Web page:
• If a child swallows water and can talk — but is uncomfortable and in mild distress — medical professionals recommend going to an urgent care facility. Excessive

water in the lungs can pose a serious condition when a child goes to sleep. • Be aware of the dangerous “toos”: Too tired, too drunk, too much sun, too far from safety, too much strenuous activity.

• Know the swimming area — the shallows and the hazards. • Only dive when the area is clear and deep enough. If uncertain, always enter the water feet first (jump or walk in). Alcohol and drugs affect balance, judgment, coordination, swimming skills, and the body’s ability to stay warm. www.redcross.org/nc/raleigh/take-a-class.

• Add ICE (“In Case of Emergency”) to your cell phone contact list (with number and name of a family member). It’s a clever way for emergency personnel to locate family if something goes wrong.

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Most damaging hours for sun exposure are 10 a.m. to 2 p.m., so avoid this timeframe or take shade breaks often. If moderate burning occurs, take a cool shower or bath, apply aloe or another cooling agent, and take over-the-counter pain reliever (do not apply butter). If burn is more severe or includes extensive blistering, visit an emergency room for treatment.

Snakebites can be deadly, so it’s important to react quickly. If emergency medical services can be reached, request help through 911; or, if in a remote area, get the victim to medical care as quickly as possible. Be aware antivenin serums are typically available in emergency rooms, not urgent care centers.

area, know and adhere to the posted regulations.

• Learn CPR. To take a class visit:

Sunburn

Snakebites

• Follow the rules. When swimming in a designated

• Stay sober.

If a victim of dehydration has low blood pressure or a very rapid pulse, they may need medical attention and intravenous fluids; and if an individual shows confusion, dizziness or weakness, call 911 immediately.

The 919 area is home to a couple of different species of venomous snakes. According to David Allsbrook, manager at WakeMed Brier Creek Healthplex, the most common snakebites they see are from copperheads and water moccasins – which they treat with the antivenin Crofab. “We find with Crofab that our patients do not get such a big reaction,” he said. “Thankfully most of the snakes around here are not as venomous; however, they still pose a very real threat especially to children and older adults.” Allsbrook stressed the importance of common sense and watching the ground when walking. “As this area continues to grow, we are moving into rural areas where there used to be farmlands – and now it is residential,” he said. “With so many critters it is only expected we will see more and more of these types of injuries.” In the case of a bite, call 911 immediately. Doctors recommend not elevating the wound (keep the bite below the level of the heart) or attempting to cut the bite area or suck out the venom.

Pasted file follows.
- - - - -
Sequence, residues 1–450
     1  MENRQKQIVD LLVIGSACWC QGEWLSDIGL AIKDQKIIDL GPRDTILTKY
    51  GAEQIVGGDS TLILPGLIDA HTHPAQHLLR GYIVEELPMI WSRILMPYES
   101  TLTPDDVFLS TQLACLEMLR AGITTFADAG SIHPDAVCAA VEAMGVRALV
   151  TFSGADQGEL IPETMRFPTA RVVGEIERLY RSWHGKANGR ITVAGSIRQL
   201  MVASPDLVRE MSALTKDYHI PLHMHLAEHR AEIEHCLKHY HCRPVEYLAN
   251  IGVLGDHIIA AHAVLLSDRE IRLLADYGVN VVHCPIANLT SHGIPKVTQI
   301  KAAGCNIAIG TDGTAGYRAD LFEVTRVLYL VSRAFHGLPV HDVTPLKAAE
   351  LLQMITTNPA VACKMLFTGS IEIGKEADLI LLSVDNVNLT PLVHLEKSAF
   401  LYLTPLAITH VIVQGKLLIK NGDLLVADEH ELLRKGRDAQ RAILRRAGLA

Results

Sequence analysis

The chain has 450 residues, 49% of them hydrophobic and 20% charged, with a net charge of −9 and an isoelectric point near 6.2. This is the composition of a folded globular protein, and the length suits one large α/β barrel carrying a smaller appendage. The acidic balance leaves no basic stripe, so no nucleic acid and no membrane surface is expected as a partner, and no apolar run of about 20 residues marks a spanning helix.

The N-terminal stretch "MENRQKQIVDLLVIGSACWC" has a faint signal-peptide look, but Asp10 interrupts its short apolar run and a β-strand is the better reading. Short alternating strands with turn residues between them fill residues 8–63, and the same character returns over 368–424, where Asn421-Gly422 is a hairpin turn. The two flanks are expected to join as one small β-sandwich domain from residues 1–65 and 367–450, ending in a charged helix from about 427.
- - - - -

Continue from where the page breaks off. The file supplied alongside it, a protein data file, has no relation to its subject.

To avoid snakebites: •

Wear long pants and boots taller than the ankle.

Avoid tall brush and deep, dark crevices.

Make plenty of noise and vibration while walking.

Do not approach snakes; avoid them.

Do not expect rattlesnakes to make any noises.

If the snake is dead, bringing it to the hospital is appropriate (but be careful, as dead snakes can reflexively bite for up to an hour).

It’s not that important to identify the snake; medical crews in areas prone to snake bites can often identify the animal just from the wound.

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Comfort and Support USO’s RDU Center Positively Impacts Military Personnel With North Carolina having the fourth largest military presence of any state, John Falkenbury made clear what the USO’s mission at RaleighDurham International Airport was all about: Providing services, comfort and support to U.S. military personnel. “USO of North Carolina provided 656,000 services to individuals connected to the U.S. military last year,” said Falkenbury, USO of NC president. “That included 3,000 interactions a month at RDU.” Those interactions included food, refreshments, access to communications

919 Magazine LV

and support at the RDU USO Center in space provided at no charge by RDU. Falkenbury’s remarks were part of the USO of North Carolina’s annual Raleigh-Durham Mission Briefing breakfast, held recently at RDU’s General Aviation Terminal. He also noted that USO of NC is a self-sustaining organization, funded by generous North Carolinians. USO’s RDU Center Director Connie Inggs opened the session, following a bagpipe presentation by Robert White, SFC Army Special Forces (retired) and the National Anthem, sung by SFC